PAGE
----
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4.13 Working with Sexually Active Young People

Contents

  1. Introduction
  2. Under 13 Year Olds
  3. Under 16 Year Olds
  4. Between 16 and 17 Years
  5. Allegations
  6. Checklist


1. Introduction

1.1 Cases of underage sexual activity are likely to raise difficult issues for practitioners, and need to be handled with particular sensitivity. The  Sexual Offences Act 1992 sets out the law in relation to all children and young people under 16 who legally cannot consent to sex, but makes a separate distinction for children under 13 for whom any sexual activity should be considered to put a child at risk of serious harm.


2. Under 13 Year Olds

2.1 Under the Sexual Offences Act 1992 penetrative sex with a child under the age of 13 is classed as rape, regardless of the age of the perpetrator(s).
2.2 Where the allegation is of penetrative sex or other intimate sexual activity with a child under 13, there would always be reasonable cause to suspect that they are suffering or are likely to suffer Significant Harm. In this situation the child must be referred to Social Services.


3. Under 16 Year Olds

3.1 Sexual activity with a child under 16 is also an offence.  Where the child is aged 13 and up to their 16th birthday, the practitioner should discuss their concerns with their nominated child protection lead and consideration should be given in every case as to whether there should be a discussion with other agencies and whether a referral should be made to Social Services – see Referral to Social Services Procedure for more information. 
3.2 When an agency has decided that they do have concerns about a child involved in underage sexual activity and they have information about the partner/s, they should check with other agencies, including the Police, to establish what else is known. The Police should normally share the required information without beginning a full investigation, if the agency making the check requests this.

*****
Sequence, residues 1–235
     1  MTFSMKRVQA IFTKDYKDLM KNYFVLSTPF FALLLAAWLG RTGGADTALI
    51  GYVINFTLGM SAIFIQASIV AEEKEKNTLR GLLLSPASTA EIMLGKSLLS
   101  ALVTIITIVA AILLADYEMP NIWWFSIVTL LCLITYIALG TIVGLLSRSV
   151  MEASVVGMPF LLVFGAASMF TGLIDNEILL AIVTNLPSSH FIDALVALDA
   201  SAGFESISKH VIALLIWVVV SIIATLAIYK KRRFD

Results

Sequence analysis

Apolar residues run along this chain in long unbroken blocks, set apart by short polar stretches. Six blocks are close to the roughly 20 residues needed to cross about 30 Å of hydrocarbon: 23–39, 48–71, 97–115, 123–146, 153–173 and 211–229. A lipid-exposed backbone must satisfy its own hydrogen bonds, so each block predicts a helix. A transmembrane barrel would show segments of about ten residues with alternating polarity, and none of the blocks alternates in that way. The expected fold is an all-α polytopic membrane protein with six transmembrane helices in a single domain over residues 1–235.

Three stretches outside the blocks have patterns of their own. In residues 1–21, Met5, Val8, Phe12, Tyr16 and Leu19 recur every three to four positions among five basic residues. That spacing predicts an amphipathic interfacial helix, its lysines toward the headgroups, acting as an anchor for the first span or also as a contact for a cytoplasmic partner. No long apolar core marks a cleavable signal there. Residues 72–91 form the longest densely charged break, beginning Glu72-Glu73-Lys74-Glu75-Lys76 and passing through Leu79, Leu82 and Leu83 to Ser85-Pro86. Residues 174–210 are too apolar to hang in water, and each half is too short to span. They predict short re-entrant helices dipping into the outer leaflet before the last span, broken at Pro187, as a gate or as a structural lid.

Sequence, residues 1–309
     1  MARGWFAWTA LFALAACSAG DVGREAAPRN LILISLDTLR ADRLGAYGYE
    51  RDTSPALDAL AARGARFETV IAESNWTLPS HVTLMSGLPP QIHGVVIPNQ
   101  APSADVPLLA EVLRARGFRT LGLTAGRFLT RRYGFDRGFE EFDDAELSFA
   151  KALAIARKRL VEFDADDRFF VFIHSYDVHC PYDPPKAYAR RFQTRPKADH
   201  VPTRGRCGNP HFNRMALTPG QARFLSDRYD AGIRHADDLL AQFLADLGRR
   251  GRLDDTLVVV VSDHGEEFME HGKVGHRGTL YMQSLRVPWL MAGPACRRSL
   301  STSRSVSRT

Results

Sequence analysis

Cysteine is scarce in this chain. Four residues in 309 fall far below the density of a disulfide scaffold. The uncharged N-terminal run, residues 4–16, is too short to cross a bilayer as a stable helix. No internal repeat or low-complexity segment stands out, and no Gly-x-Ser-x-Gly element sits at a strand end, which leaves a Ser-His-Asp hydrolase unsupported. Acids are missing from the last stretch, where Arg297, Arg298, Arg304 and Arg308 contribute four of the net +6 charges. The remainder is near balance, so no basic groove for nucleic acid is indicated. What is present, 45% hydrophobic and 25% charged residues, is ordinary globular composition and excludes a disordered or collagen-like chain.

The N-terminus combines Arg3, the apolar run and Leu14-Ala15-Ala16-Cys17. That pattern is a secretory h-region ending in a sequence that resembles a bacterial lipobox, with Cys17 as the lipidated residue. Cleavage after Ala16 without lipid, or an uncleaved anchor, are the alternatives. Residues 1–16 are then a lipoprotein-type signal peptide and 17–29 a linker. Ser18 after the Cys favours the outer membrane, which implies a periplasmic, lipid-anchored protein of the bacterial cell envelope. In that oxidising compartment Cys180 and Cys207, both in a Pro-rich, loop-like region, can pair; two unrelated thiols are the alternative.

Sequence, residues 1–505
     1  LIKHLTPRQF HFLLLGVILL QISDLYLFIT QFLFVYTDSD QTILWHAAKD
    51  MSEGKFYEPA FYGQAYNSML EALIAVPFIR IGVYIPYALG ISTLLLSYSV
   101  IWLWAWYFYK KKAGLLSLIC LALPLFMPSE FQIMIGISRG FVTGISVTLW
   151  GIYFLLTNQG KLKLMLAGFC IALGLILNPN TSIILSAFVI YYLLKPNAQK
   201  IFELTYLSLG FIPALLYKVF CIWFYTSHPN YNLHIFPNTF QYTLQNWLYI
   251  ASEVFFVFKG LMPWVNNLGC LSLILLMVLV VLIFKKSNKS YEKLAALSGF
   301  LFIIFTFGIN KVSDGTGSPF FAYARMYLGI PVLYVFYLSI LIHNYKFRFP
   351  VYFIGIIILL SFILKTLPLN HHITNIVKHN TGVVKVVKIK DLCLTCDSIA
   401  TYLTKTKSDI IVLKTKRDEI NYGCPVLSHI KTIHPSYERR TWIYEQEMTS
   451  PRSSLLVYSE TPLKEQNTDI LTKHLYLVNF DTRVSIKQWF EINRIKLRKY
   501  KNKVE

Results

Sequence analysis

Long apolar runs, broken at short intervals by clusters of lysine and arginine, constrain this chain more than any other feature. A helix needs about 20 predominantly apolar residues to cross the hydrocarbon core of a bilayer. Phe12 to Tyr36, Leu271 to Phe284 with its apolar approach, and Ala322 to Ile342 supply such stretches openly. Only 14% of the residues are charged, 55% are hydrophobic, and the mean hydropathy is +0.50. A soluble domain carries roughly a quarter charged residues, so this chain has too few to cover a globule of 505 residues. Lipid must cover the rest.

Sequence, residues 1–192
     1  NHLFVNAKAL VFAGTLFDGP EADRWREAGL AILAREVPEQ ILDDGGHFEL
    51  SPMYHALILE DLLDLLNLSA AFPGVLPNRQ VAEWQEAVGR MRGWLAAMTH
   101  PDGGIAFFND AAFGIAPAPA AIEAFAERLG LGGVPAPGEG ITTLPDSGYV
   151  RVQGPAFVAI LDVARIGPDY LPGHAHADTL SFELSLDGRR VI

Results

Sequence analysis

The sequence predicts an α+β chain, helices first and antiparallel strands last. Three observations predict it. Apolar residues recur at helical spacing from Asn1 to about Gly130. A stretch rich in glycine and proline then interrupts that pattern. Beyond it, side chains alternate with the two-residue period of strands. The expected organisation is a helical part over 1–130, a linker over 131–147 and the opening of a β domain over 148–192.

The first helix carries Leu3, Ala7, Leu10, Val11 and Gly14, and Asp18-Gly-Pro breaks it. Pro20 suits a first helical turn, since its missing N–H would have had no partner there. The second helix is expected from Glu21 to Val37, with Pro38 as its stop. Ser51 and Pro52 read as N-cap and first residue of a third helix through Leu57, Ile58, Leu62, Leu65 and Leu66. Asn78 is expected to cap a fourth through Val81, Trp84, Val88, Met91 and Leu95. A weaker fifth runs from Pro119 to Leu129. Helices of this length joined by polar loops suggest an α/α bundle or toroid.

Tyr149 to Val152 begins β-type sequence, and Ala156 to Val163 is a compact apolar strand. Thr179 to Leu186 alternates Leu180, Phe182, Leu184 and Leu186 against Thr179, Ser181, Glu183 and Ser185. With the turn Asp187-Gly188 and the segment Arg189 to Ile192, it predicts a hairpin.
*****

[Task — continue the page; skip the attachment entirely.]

4. Between 16 & 17 years

4.1 Where a child is aged 16-17, sexual activity may still involve harm or risk of harm. The Checklist should be used to inform decisions. Concerns and requests for information sharing should be treated in the same way as for those from 13 years up to their sixteenth birthdays.
4.2 It is an offence for a person to have a sexual relationship with a person under the age of 18 if they hold a position of trust or authority in relation to them. If any professional is aware of such activity they should pass the information to the Police child protection team. Decisions not to refer must be fully documented, with detailed reasons given. Such a decision must be supported by a manager and follow a full and thorough assessment using the checklist below.


5. Allegations

5.1

The Allegations of Abuse made Against a Person who Works with Children Procedure must be initiated in situations where a person working on a paid or unpaid basis, has during the course of their work:

  • Behaved in a way that has harmed a child, or may have harmed a child;
  • Possibly committed a criminal offence against or related to a child;
  • Behaved towards a child or children in a way that he/she is unsuitable to work with children.


6. Checklist

6.1

The following checklist should be used to assess the extent to which a child may be suffering or at risk of Significant Harm:

  • The age of the child. The younger the age the greater the likelihood of cause for concern;
  • The level of maturity and understanding of the child;
  • What is known about the child’s living circumstances or background;
  • Age imbalance – particularly where there is a significant age difference;
  • Overt aggression or power imbalance;
  • Coercion or bribery;
  • Familial child sex offences;
  • Behaviour of the child (e.g. withdrawn or anxious);
  • The misuse of substances as a dis-inhibitor;
  • Whether the child’s own behaviour, because of the misuse of substances, places him/her at risk of harm so that he/she is unable to make an informed choice about any activity;
  • Whether any attempts to secure secrecy have been made by the sexual partner, beyond what would be considered usual in a teenage relationship;
  • Where the child denies or minimizes the concerns;
  • Whether the methods used are consistent with grooming;
  • Whether the sexual partner/s is/are known to one of the agencies.

End